A lot of parents are in a rush, sometimes in a frenzy to get their children to learn many skills – apart from their education at school. I see children being sent to this class and that outside the school time – music, gym, swimming, abacus, art, shlokas, IQ improvement – and what not.
It’s good to have children learn more than that they do at school. Unlike earlier times, there is access to learning many skills. But what’s important, I feel, is the purpose behind it and the way it’s done.
For one, art is primarily a mode of self-expression. It’s unfortunate that media has projected art as a medium to compete rather than to express oneself. The shows on TV are luring both parents and kids to show off and overdo rather than just enjoy the art form.
Secondly, learning art ought not be a forced affair for children. What’s important is to kindle and nurture interest. One need not push for speedy learning or expect superlative performance in extra-curricular areas. It’s best to let children learn at their own pace. What’s important is to keep encouraging every effort and make it a specific point not to compare them with others.
The choice of the activity is equally important. Every child has a creative instinct and an inclination to a form or forms of artistic expression. It’s best to identify and encourage what comes naturally.
Now, that which I really want to talk about.
The best way to encourage learning is to help a child make the activity a habit.
Children don’t understand time (at least not till they are over ten, I think). Their minds LOVE staying in the moment and continuing to do what they are doing till they get bored of it or get distracted from the activity. They aren’t conscious of the passage of time. Of course, I am not implying that a military regime be imposed to make kids adhere to a schedule of activities. But gentle, patient reminders that it’s time to do something helps a lot. (Note, I’m saying a time TO DO something and NOT saying a time NOT to do something – there is a subtle difference).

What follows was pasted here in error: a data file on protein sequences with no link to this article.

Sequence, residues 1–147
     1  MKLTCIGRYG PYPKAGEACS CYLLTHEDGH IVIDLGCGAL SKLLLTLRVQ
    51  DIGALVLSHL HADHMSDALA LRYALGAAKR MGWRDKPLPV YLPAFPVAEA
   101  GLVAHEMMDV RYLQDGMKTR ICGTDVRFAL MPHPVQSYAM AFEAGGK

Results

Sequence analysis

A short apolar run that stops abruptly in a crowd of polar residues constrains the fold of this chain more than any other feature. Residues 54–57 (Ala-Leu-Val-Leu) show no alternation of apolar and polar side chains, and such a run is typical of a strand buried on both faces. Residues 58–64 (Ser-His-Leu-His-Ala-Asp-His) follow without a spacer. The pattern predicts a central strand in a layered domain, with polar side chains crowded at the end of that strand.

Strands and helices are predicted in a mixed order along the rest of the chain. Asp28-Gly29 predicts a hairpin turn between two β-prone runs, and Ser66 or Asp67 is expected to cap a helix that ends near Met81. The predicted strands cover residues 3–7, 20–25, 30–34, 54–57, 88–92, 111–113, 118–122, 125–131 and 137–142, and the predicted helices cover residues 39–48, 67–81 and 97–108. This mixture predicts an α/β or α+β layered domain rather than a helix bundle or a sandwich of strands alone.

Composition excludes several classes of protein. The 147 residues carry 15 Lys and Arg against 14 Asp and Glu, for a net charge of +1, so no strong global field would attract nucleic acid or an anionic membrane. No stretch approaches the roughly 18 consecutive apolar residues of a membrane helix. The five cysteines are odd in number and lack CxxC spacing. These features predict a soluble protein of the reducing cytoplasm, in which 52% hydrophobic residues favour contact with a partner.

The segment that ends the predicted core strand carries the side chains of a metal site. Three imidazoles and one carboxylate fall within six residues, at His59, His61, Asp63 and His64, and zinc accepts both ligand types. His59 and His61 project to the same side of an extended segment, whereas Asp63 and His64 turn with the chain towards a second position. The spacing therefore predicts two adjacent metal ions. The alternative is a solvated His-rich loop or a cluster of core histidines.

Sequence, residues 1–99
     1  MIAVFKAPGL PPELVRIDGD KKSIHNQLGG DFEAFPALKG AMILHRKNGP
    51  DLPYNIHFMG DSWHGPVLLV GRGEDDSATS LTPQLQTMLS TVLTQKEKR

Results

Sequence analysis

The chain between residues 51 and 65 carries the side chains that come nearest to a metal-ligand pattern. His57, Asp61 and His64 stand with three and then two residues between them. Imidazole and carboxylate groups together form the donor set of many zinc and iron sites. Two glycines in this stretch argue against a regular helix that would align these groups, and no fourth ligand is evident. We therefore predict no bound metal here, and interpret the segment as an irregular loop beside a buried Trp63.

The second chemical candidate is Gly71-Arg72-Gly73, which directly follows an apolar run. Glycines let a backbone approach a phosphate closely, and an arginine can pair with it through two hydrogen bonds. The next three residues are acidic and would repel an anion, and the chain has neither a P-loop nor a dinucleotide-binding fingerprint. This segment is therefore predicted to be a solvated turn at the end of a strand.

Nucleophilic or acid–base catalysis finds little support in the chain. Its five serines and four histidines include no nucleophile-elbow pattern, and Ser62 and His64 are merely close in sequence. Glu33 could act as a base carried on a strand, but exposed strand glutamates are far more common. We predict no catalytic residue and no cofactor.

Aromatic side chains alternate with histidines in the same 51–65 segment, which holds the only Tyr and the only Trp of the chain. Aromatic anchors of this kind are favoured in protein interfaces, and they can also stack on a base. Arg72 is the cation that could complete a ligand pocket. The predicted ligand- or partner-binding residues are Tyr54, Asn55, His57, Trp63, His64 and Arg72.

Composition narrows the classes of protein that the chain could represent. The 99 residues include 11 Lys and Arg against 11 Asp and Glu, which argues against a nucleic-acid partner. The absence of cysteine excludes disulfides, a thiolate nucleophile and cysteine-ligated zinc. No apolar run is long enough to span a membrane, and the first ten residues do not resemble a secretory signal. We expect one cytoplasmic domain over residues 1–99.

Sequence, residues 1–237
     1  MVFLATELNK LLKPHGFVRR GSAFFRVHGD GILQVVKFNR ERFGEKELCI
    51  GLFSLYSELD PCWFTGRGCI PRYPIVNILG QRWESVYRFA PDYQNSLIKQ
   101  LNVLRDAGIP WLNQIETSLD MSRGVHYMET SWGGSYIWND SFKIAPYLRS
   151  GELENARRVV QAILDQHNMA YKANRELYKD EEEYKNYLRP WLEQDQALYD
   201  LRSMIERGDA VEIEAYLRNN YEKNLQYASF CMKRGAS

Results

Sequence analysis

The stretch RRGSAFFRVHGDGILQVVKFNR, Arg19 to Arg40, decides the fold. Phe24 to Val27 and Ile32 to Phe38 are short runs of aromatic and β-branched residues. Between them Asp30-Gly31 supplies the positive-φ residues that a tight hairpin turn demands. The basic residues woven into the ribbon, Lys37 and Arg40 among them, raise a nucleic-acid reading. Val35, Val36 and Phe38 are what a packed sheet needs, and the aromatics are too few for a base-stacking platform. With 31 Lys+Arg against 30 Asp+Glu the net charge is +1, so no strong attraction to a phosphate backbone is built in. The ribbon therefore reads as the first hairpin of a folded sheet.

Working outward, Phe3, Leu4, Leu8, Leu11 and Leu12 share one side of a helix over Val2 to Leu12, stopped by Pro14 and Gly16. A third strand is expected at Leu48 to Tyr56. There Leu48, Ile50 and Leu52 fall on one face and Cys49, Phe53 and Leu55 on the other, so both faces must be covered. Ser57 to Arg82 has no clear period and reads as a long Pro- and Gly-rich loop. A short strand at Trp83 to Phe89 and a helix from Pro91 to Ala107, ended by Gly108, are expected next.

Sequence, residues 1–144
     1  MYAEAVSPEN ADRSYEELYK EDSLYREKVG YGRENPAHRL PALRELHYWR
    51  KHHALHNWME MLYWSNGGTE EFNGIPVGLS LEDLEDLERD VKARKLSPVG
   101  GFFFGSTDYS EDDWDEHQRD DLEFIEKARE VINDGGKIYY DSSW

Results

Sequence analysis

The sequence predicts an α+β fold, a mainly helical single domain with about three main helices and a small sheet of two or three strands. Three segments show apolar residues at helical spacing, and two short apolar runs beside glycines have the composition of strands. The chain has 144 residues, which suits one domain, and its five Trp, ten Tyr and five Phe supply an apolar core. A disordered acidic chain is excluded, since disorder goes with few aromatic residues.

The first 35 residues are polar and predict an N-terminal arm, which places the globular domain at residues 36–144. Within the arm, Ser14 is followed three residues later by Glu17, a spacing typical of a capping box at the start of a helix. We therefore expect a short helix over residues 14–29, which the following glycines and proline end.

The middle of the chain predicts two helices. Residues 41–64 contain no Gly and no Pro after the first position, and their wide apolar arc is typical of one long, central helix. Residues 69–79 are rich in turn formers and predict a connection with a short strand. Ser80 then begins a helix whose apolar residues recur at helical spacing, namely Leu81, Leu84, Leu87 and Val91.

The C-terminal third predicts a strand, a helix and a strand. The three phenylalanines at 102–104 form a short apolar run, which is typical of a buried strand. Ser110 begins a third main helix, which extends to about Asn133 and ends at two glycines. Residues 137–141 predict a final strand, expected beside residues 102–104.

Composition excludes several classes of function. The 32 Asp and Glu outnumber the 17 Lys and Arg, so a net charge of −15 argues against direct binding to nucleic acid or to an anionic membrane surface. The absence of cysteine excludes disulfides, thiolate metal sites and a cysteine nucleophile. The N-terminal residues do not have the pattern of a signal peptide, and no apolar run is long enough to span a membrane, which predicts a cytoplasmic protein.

Setting a time to do an activity, practice an art, pursue an interest – on a daily basis (or weekly if applicable), builds the habit over time. It is absolutely the parent’s effort to help the child develop a habit. Not out of force but by kindling interest.
And here is another well known, yet hardly practiced fact. Children learn by example.
A disciplined parent can get his or her child to get disciplined more easily than one who is not. If a parent plays games on his or her mobile, I can say for sure that their children aren’t going to stop playing either. On the other hand, if a parent practices discipline in say the hours of TV watched, he or she can get a child to switch off the TV when told to do so. A child would see someone who isn’t addicted to the TV and hence the develop the mental discipline to get away from it.
Back to the matter of habits and learning – what’s more important than having children attend classes is to inculcate the habit of practice. To make sure they spend some time every day practicing the art they are learning, spending time to express themselves and enjoying their learning can go a long way in building the child’s confidence. Every so often, a parent ought to check with the child if the interest is still alive and assert that he or she can discontinue when the interest dies. Encouragement, keeping interest alive, making learning non-competitive is a definite mantra to have a happy child.